There’s another parallel with the work of MacKinlay Kantor in that, much as in the collection It’s About Crime (1960), the focus of Mystery and More Mystery seems to be a jumping of tones and approaches from story to story. How else to justify the choice of ‘Larceny and Old Lace’ (1960) as the second tale herein? Septuagenarian sisters and classic mystery fiction aficionados Florence and Grace Usher (“Why, my goodness, we each have read more than a thousand mystery novels, haven’t we? We know about London from Agatha Christie and Margery Allingham, about Miami from Brett Halliday, about Chicago from Craig Rice…”) are delighted to have inhereted their ne’er-do-well nephew’s house in a run-down section of Milwaukee and, after taking a train into the city, eventually make their way to the offices of lawyer Mr. Bingham to learn about their windfall.
“How did he die?” Florence asked, pressing her gloved hands together in eager interest.
“Well,” Mr. Bingham rubbed his high forehead distractedly, “he died of a form of heart failure—”
“I suppose,” Grace agreed, “that you could call three bullets in the heart a form of heart failure. However—”
“Two bullets in the heart,” Florence corrected. “The coroner’s report said the other missed by several inches.”
One is reminded throughout of the delightful Lutie from Our First Murder (1940) by Torrey Chanslor, especially when it turns out that someone else wishes to get their hands on the house for — duhn-duhn-duuuuuuuhn — nefarious purposes, and the sisters find themselves confronting a thief and, eventually, the criminal mastermind who has the town “sewn up” and is keen to kill them to get what he wants. If it doesn’t quite have the brilliantly contrasting gallows humour of the Jopseph Kesselring play (well, more the Frank Capra movie…as I’ve not seen or read the play) from which it takes its name, it certainly earns the comparison.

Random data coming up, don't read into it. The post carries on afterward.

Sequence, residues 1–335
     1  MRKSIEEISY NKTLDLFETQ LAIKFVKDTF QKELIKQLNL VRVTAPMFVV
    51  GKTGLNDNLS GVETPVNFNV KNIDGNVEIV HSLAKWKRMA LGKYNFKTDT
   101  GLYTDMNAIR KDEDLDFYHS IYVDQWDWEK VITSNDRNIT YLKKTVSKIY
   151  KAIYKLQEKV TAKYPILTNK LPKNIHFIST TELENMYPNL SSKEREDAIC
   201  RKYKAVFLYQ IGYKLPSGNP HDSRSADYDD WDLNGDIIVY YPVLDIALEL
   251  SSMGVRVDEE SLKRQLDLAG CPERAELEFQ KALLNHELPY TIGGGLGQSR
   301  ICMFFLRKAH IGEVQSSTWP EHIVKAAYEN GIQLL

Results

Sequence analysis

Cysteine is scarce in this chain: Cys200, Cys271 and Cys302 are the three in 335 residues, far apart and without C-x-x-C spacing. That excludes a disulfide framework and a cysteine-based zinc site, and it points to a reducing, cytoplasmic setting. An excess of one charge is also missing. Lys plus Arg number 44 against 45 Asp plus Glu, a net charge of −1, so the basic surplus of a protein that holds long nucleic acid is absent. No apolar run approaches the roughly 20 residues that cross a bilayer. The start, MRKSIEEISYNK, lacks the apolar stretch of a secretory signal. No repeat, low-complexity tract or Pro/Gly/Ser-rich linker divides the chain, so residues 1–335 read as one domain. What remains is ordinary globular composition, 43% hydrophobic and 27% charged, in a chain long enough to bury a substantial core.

It would take a very hard heart indeed not to get swept up in the delight the sisters feel at being able to solve a mystery of their own (“What joy, Florence, what a triumph! Even Nero Wolfe would be proud of us.”), and if the Poe allusions that tickle along throughout don’t quite pay off as neatly as they might…well, there’s easily more than enough glee in the writing (the sisters sitting “subdued but defiant, like two ruffled hens” is sublime, as is the schoolmarm-ish way they berate poor Tiny Tinker for using a double negative during their interrogation of him) to carry you along with nothing close to a complaint. Surprising, too, given that this is a collection for younger readers, how little sympathy is evinced for the departed nephew (“Walter was always a rapscallion. I certainly did not intend to lose my life over him.”) — there’s a casual emotional maturity there that older eyes might simply pass over, and Arthur deserves credit for confronting it so easily.
At the back of this collection there is a chapter in which Arthur addresses the old “Where Do You Get Your Ideas?” chestnut, which tells us nothing you wouldn’t expect for these two stories: the first concerning how a man could hide money easily in the city so that he’d be able to find it again, the second “because the contrast of two little old ladies pitted against tough criminals and winning out seemed funny”. I suppose he’s not really going to get into the idea of morals, ethics, obligation, and conformity in a light bit of ‘behind the curtain’ writing for his intended audience, but I’d be fascinated to know more about the decisions made in ‘Mr. Manning’s Money Tree’ in particular. Alas, not to be.
Well, we’re off to a great start, just as I’d hoped. See you next week for more.